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Domain Name Transfers

Inter-Registrar Transfer Policy

Consistent with ICANN's obligation to promote and encourage robust competition in the domain name space, the Inter-Registrar Transfer Policy aims to provide a straightforward procedure for domain name holders to transfer their names from one ICANN-accredited registrar to another should they wish to do so. The policy also provides standardized requirements for registrar handling of such transfer requests from domain name holders.

  1. Transfer Policy (Takes effect 1 August 2016)
  2. Inter-Registrar Transfer Policy (Takes effect 31 January 2015)
  3. Inter-Registrar Transfer Policy (Takes effect 1 June 2012)
  4. Inter-Registrar Transfer Policy (Adopted 7 November 2008 | In effect until 31 May 2012)
  5. The Transfer Dispute Resolution Policy (12 July 2004)
  6. Standardized Form for Gaining Registrars (12 July 2004)
  7. Standardized Form for Losing Registrars (12 July 2004)

Additional Resources


The Inter-Registrar Transfer Policy was developed through ICANN's consensus policy development process. The 29 policy recommendations contained in the Transfer Task Force's report to the GNSO were accepted by the GNSO Council and adopted by the ICANN Board in early 2003. As instructed by the Board, ICANN staff consulted with a Transfer Assistance Group (TAG) consisting of members of the community and GNSO constituencies in order to coordinate implementation of the new transfer procedures. All ICANN-accredited registrars and unsponsored gTLD registry operators are required to follow this policy.

The Board adopted certain revisions to the Inter-Registrar Transfer Policy in November 2008.

On 12 July 2004, ICANN announced the adoption of the Inter-Registrar Transfer Policy comprised of finalized policy documents, available below. The policy is in effect beginning on 12 November 2004. The original policy recommendations require a review of the policy at intervals of three, six, and twelve months after implementation. This area will be updated as necessary with requests for public input into the review process and any revised implementation details.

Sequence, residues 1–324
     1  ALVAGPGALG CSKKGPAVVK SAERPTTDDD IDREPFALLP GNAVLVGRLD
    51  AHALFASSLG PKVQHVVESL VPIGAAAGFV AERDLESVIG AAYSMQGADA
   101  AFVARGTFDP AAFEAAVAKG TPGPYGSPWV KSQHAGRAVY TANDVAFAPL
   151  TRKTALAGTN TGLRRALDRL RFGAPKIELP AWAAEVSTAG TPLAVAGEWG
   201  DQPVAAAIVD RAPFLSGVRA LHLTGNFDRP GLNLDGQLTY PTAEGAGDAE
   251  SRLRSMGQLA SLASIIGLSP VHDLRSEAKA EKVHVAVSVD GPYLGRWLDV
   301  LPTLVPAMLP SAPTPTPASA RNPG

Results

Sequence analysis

Background Documents

  1. Staff Report on Experiences with Inter-Registrar Transfer Policy (14 April 2005)
  2. Announcement: ICANN Requests Comments on Experiences with Inter-Registrar Transfer Policy (12 January 2005)
  3. Announcement: ICANN Domain Name Transfer Policy Becomes Effective (12 November 2004)
  4. Announcement: ICANN Approves Dispute Resolution Providers for Transfer Dispute Resolution Policy (8 November 2004)
  5. Update: Implementation of New Consensus Policies Applicable to gTLD Registrars (21 September 2004)
  6. Advisory concerning Inter-Registrar Transfers (12 July 2004)
  7. Call for Interest of Dispute Resolution Service Providers
  8. Second Update on Transfer Policy Implementation Process (31 March 2004)
  9. First Update on Transfer Policy Process (5 November 2003)
  10. Task Force's Final Report on Gaining and Losing Registrars (February 2003)
Domain Name System
Internationalized Domain Name ,IDN,"IDNs are domain names that include characters used in the local representation of languages that are not written with the twenty-six letters of the basic Latin alphabet ""a-z"". An IDN can contain Latin letters with diacritical marks, as required by many European languages, or may consist of characters from non-Latin scripts such as Arabic or Chinese. Many languages also use other types of digits than the European ""0-9"". The basic Latin alphabet together with the European-Arabic digits are, for the purpose of domain names, termed ""ASCII characters"" (ASCII = American Standard Code for Information Interchange). These are also included in the broader range of ""Unicode characters"" that provides the basis for IDNs. The ""hostname rule"" requires that all domain names of the type under consideration here are stored in the DNS using only the ASCII characters listed above, with the one further addition of the hyphen ""-"". The Unicode form of an IDN therefore requires special encoding before it is entered into the DNS. The following terminology is used when distinguishing between these forms: A domain name consists of a series of ""labels"" (separated by ""dots""). The ASCII form of an IDN label is termed an ""A-label"". All operations defined in the DNS protocol use A-labels exclusively. The Unicode form, which a user expects to be displayed, is termed a ""U-label"". The difference may be illustrated with the Hindi word for ""test"" — परीका — appearing here as a U-label would (in the Devanagari script). A special form of ""ASCII compatible encoding"" (abbreviated ACE) is applied to this to produce the corresponding A-label: xn--11b5bs1di. A domain name that only includes ASCII letters, digits, and hyphens is termed an ""LDH label"". Although the definitions of A-labels and LDH-labels overlap, a name consisting exclusively of LDH labels, such as"""" is not an IDN."